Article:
Rather than deliberate use, we haphazardly navigate online websites, which for many, is fraught with negative consequences, particularly if our online voyage leads to pornography. Software tools that hold us accountable for what we do online act as guardrails on our travels and guardrails help keep us safe from undesirable accidents.

3. The belief that every person has inherent value remains intact.

There is no question that throughout time, people have been the victim of objectification. Objectification can take many forms. For instance, we can objectify workers, treating them more as tools and commodities. This type of objectification is called instrumentality. Today, however, the most common form of objectification is sexual. By recognizing someone for their physical traits only, and without acknowledging their thoughts, feelings, and intrinsic value, we break down their worth to a singular purpose. Namely, are you able to arouse and gratify me? If so, how quickly?

Prolonged exposure to pornography, particularly at a young age, can distort our view of the human person, and normalize objectification. Maintaining a safe haven within our homes and living as an accountable family limits our exposure to porn. This encourages a normal and healthy view of others and increases respect for the overall dignity of the human person. 

4. Anxiety decreases; stability increases.

Depression, anger, and anxiety can have links to compulsive use of pornography. Whether it’s the associated shame, the feeling of being out-of-control, or guilt, a child can quickly become agitated and reserved.

Children naturally desire to feel safe, secure, and protected. One way a parent offers this security is through setting boundaries and limits. Screen Accountability is a practical means to set limits, creating the desired result of a secure and less anxious child.

5. Early intervention makes a huge difference.

Most people can recall their first exposure to pornography; few would admit to telling someone about it. Instead, for the vast majority, exposure to pornography, even prolonged use, remained a secret.

One of the greatest injustices today is the fact that most of our children struggle alone. They didn't intentionally begin viewing porn. Someone exposed them or they unintentionally stumbled across it, usually due to parents not placing adequate protections on Internet-enabled devices in the home.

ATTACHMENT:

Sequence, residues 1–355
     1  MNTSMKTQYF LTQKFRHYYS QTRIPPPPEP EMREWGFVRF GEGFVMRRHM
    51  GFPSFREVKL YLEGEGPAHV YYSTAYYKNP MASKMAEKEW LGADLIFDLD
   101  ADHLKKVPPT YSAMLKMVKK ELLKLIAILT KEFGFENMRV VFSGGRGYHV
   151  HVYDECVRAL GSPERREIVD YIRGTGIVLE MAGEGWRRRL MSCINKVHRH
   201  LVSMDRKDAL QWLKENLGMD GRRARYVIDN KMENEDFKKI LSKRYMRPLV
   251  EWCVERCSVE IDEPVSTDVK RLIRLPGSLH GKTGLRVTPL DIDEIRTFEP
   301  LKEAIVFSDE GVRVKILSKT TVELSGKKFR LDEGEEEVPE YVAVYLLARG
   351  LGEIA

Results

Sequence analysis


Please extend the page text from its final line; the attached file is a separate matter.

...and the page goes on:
The shame associated with porn keeps us from telling our story. Given the powerful nature of shame, it's essential to have accountability tools to help parents know if exposure has occurred. Accountability reports give parents the information they need to speak with the child, reassure them of their love regardless of what was seen, and remedy it. The sooner this happens, the better. This quick action by a parent can save a child from years of accumulating high levels of shame and subsequent years of continued, unknown, exposure.

Throughout our life, we are expected to be accountable. Whether at work, in school, or with friends and family, accountability is a reasonable expectation. Why then, does accountability online seem so foreign to us?

Given the rates of early exposure and the benefits of accountability software, I hope parents who read this blog will take action on behalf of their child. Trust me: someday, your child will thank you.

Resource
CE New Logo

Covenant Eyes: Screen Accountability™

Description

Be the best version of you.

Covenant Eyes Screen Accountability is designed to help you live with integrity on your devices by sharing your activity with a trusted friend.

Audience: Adults and supervised minors 
Language: English
Resource Type: Software 
Cost: $15.99 / month.  

Ryan Foley is the Vice President of Catholic Business Development for Covenant Eyes, an Internet accountability and filtering company. Prior to his work with Covenant Eyes, he served in the U.S. Air Force. Ryan has continually worked in the technology field with a specific focus on security. Ryan is now applying his passion for security in support of families, working to protect them from Internet pornography through his work with Covenant Eyes.